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Monday, October 24, 2011

UN urges Cambodia not to meddle

The United Nations has 'strongly urged' the Cambodian government not to meddle in the work of a UN-backed Khmer Rouge court after a judge quit, citing political opposition to two new cases.

'The Legal Counsel strongly urged the royal government of Cambodia to refrain from statements opposing the progress of cases 003 and 004 and to refrain from interfering in any way whatsoever with the judicial process,' said UN under-secretary general for legal affairs Patricia O'Brien in a statement on Thursday.

The high-ranking UN official was speaking after meeting Cambodian Deputy Prime Minister Sok An in the capital, Phnom Penh, amid mounting concern over political pressure on the tribunal.

German judge Siegfried Blunk resigned on October 9 claiming repeated government statements opposing two possible new cases linked to the 1975-1979 Khmer Rouge regime effectively made his position untenable.

The shock departure of Blunk, one of two judges responsible for issuing indictments, has rocked the court and prompted observers to call for UN action against long-standing allegations of government meddling.

Phnom Penh has strongly denied interfering but Prime Minister Hun Sen - himself a former cadre - has made it clear he wants the court's work to end with the current second trial, even saying further cases were 'not allowed'.

Court monitor Randle DeFalco, a legal adviser to the Documentation Centre of Cambodia, which researches Khmer Rouge atrocities, cautiously welcomed O'Brien's comments, the UN's strongest reaction yet to the court controversy.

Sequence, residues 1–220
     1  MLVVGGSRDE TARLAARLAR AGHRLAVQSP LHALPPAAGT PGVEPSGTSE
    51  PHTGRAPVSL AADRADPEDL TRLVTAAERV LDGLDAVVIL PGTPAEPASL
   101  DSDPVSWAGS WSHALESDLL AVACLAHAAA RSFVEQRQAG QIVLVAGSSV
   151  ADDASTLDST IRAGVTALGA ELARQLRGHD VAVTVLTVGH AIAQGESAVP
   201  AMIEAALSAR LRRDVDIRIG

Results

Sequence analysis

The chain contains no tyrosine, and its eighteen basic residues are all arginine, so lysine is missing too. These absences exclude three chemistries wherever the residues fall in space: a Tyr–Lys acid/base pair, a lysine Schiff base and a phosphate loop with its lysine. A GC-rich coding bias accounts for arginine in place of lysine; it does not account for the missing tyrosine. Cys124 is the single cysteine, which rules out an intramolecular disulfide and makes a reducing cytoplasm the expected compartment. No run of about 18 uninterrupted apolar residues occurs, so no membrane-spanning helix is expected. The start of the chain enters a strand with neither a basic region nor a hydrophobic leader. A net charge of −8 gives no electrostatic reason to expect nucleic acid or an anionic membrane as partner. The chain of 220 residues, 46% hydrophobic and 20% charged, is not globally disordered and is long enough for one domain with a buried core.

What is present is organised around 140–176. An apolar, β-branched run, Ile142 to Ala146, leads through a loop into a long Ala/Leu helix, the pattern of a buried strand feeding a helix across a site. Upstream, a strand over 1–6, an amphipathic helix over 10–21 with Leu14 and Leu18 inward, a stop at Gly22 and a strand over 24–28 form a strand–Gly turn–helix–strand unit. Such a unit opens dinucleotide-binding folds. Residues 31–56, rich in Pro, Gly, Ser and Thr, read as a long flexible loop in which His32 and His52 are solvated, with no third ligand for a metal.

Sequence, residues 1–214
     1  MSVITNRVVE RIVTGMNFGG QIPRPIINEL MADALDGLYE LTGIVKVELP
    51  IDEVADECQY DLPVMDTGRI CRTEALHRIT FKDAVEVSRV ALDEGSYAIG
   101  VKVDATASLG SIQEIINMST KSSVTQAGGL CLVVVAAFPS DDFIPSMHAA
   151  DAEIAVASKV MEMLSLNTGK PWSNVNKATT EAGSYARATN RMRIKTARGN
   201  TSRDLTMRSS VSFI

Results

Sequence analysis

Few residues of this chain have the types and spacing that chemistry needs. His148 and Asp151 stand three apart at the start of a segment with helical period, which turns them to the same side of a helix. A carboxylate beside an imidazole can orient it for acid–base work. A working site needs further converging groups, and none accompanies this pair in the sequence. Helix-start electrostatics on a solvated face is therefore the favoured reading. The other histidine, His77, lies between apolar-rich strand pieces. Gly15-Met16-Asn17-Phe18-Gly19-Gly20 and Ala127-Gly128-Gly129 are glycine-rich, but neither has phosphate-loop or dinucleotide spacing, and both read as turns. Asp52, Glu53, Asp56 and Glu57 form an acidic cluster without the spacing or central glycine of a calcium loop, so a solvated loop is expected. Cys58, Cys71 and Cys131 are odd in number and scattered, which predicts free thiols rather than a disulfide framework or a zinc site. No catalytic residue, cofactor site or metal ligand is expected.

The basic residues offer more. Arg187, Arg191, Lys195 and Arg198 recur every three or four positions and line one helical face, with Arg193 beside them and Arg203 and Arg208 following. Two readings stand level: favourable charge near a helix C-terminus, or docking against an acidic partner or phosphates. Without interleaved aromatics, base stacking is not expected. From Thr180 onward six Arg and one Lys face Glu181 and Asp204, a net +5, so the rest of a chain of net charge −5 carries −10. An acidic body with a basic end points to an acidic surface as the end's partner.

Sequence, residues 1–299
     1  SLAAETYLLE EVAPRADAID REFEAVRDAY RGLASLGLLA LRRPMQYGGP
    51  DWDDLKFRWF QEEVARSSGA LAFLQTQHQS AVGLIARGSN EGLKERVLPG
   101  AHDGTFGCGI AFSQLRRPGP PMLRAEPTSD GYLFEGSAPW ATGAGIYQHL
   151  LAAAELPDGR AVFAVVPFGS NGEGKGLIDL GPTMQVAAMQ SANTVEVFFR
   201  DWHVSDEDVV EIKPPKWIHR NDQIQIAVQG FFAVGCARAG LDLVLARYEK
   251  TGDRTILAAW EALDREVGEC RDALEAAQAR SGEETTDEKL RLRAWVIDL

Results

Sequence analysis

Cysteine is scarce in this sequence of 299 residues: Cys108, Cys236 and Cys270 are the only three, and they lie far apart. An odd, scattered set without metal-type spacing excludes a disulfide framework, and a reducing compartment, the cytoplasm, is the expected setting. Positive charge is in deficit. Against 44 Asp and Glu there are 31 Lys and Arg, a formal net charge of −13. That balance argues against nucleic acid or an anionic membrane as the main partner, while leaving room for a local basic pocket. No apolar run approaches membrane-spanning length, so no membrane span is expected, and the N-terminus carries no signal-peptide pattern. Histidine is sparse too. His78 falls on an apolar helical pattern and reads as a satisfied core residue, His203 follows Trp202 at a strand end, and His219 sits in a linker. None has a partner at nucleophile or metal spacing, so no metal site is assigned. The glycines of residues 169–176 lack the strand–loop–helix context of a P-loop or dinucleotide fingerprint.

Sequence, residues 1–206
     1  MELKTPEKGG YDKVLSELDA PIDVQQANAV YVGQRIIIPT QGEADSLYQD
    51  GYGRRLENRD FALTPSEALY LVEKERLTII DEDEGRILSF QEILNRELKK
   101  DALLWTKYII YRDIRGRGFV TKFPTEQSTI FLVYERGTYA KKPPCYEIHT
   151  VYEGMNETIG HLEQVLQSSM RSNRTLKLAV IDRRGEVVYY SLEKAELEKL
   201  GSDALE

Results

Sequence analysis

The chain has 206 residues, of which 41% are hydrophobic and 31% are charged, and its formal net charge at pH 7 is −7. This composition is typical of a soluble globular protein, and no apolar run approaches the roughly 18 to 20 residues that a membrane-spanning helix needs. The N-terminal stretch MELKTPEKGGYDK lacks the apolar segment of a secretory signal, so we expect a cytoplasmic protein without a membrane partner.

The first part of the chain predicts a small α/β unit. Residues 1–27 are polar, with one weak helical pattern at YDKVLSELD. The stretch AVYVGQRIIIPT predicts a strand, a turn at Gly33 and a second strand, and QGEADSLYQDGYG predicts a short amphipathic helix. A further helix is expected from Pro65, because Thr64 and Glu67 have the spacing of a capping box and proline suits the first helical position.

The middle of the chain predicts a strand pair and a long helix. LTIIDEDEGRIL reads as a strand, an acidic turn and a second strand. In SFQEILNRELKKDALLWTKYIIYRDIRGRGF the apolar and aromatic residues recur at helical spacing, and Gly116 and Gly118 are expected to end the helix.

'It's a step in the right direction,' he said.

'But an inquiry still appears necessary to restore public confidence in the court,' he added, noting that Blunk's resignation raised questions over whether the court's investigating office has been properly carrying out its duties.

In a media release after the meeting with O'Brien, the government said both parties had 'reiterated their strong support' for the Khmer Rouge tribunal, which has cost more than $US100 million ($A98 million).

Sok An also urged both sides not 'to be distracted by intense speculation, pressure and interference from the media and other outside parties', it said.

The tribunal's controversial third and fourth cases involve five ex-regime members who are accused of an array of crimes, including mass killings and forced labour.

Their cases are officially still under consideration but critics said Blunk and his Cambodian counterpart were failing to investigate them fully in the face of government objections and they were widely expected to be dismissed.

The court, made up of Cambodian and international legal officials, was set up in 2006 to provide some justice for the nation traumatised by the deaths of up to two million people under the communist movement's reign of terror.

It has so far completed just one trial - jailing Kaing Guek Eav, a former Khmer Rouge prison chief, last year for 30 years for overseeing the deaths of some 15,000 people. The case is now under appeal.

A second trial involving the regime's four most senior surviving leaders - including Brother Number Two' Nuon Chea - is expected to start hearing testimony next month.

A lawyer for one of the accused in that case, ex-social affairs minister Ieng Thirith, told the court on Thursday her client suffers from dementia and should not have to face trial.

Judges are expected to rule on the elderly woman's mental fitness in the coming weeks.

Led by Brother Number One' Pol Pot, who died in 1998, the Khmer Rouge wiped out nearly a quarter of the population through starvation, overwork or execution in a bid to create an agrarian utopia.

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